You know that cousin you haven’t spoken to in years? It’s not because you don’t like her—you just moved away from each other and lost touch. A month without contact turns into six months, then a year, and soon you realize you have no clue what she’s been up to. Fortunately, no matter how long between phone calls or family reunions, your cousin will always be your cousin.
The same can’t be said for remote workers. When best practices break down at your organization, instead of taking years to drift apart, it may only take a few days for remote employees to feel neglected and disengaged.
This becomes more important when you consider that remote workers are becoming a more substantial piece of the workforce year over year. According to Gallup in 2016, 43 percent of working Americans said they spent at least some time working remotely—a four-point increase since 2012. Employers are responding to this growing demand for remote work options as well, with 40 percent more offering flexible or remote work options today than they did five years ago.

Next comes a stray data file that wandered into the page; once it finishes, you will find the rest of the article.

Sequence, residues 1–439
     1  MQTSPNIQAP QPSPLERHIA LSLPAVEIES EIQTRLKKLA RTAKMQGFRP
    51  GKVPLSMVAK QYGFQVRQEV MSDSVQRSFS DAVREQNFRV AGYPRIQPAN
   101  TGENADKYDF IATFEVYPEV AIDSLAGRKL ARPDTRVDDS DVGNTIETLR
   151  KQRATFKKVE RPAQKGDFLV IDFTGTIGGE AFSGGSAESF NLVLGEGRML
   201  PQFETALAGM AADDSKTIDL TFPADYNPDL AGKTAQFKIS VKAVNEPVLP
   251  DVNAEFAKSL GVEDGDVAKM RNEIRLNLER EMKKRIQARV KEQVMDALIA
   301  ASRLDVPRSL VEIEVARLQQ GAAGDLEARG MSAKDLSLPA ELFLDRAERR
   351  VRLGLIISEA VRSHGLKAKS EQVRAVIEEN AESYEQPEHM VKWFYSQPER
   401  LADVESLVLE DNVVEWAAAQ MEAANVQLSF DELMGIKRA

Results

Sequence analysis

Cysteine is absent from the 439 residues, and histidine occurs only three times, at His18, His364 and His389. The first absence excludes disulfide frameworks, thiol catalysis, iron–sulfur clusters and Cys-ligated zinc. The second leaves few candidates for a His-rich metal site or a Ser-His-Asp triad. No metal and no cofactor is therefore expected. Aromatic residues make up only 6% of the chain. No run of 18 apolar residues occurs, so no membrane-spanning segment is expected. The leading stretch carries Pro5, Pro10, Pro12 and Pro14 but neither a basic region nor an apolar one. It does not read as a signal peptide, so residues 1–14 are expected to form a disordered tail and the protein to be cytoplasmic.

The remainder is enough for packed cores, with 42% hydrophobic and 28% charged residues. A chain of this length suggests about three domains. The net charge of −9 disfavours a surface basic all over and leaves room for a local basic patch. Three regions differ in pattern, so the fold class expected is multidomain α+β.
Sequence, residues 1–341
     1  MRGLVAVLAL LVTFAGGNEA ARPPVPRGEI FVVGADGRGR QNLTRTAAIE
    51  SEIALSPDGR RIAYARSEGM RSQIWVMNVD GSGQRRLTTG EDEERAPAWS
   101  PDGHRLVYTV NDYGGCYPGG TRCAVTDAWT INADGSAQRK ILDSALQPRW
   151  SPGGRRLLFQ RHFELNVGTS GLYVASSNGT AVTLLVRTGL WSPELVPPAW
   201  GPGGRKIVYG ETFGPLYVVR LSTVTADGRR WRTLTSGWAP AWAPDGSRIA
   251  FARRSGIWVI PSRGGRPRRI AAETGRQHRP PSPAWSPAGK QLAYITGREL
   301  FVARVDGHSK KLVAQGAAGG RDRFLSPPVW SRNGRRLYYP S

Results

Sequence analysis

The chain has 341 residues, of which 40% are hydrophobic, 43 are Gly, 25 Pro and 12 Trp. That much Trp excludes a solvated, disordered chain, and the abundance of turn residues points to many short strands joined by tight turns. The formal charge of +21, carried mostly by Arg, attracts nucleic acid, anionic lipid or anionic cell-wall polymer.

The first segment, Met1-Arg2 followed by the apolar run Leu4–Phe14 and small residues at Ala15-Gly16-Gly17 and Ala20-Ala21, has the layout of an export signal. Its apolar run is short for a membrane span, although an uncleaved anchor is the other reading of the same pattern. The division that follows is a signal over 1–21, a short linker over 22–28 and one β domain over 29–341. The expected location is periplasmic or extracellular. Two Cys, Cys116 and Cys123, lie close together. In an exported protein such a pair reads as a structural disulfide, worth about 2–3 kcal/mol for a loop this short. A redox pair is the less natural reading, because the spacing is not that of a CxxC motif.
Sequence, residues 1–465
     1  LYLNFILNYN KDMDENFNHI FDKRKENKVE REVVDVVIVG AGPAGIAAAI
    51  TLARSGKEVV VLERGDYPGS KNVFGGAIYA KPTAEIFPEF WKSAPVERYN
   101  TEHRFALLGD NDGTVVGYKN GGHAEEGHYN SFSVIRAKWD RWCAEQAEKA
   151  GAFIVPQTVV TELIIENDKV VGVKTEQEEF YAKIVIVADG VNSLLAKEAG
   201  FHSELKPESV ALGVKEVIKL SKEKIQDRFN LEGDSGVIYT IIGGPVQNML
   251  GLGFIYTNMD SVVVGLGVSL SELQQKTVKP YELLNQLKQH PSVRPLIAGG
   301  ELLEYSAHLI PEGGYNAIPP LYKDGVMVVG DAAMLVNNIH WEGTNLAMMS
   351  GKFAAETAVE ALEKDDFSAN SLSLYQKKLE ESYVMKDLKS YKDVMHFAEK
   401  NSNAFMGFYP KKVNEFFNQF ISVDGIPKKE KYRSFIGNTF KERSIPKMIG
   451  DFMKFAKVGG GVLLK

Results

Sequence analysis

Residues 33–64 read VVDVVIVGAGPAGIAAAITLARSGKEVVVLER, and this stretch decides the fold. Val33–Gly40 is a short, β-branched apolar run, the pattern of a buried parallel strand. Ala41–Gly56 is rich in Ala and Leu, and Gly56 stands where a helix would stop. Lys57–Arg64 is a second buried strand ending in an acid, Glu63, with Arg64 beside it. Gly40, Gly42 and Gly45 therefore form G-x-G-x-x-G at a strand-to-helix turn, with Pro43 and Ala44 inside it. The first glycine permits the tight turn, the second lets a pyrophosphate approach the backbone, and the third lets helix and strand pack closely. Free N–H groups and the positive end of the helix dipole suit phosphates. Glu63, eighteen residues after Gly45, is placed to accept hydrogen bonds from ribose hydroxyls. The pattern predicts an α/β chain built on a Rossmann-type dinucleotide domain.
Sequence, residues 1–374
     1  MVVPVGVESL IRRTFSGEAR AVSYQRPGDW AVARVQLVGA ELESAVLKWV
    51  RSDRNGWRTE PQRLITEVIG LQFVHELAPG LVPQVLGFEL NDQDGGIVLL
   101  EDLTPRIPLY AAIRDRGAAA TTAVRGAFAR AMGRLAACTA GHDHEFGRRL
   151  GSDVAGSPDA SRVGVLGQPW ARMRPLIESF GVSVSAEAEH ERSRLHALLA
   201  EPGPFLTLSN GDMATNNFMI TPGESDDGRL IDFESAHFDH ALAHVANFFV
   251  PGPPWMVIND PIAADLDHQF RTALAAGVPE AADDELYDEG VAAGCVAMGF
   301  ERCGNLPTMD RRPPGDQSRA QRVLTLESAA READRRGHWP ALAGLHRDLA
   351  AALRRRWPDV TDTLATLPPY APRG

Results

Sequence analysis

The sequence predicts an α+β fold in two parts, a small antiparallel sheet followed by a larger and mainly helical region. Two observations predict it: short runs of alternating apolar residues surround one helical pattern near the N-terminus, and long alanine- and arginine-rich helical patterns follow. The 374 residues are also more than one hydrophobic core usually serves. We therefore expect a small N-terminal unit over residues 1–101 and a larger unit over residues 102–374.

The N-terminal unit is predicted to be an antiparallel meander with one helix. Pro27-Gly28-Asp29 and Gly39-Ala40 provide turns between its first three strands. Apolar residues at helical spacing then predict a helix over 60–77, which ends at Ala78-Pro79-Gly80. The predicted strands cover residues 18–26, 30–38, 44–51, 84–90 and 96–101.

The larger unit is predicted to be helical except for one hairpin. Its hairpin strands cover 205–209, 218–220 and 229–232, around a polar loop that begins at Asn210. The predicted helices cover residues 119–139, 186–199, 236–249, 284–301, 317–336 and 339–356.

Whether your organization has five or five hundred remote workers, it’s important to learn how to manage them effectively. As you learn remote-worker best practices, you can grow your reputation as a great place to work, attract top candidates from around the world, and retain the exceptional people you already have on your remote team.
How to Manage Remote Workers
Managing remote employees boils down to two elements: connection and collaboration. If you can help your off-site workers feel connected to the rest of the team and find opportunities to collaborate on important projects, then you’re doing it right. And if you think some of your remote team members may be struggling, you know what to check on first.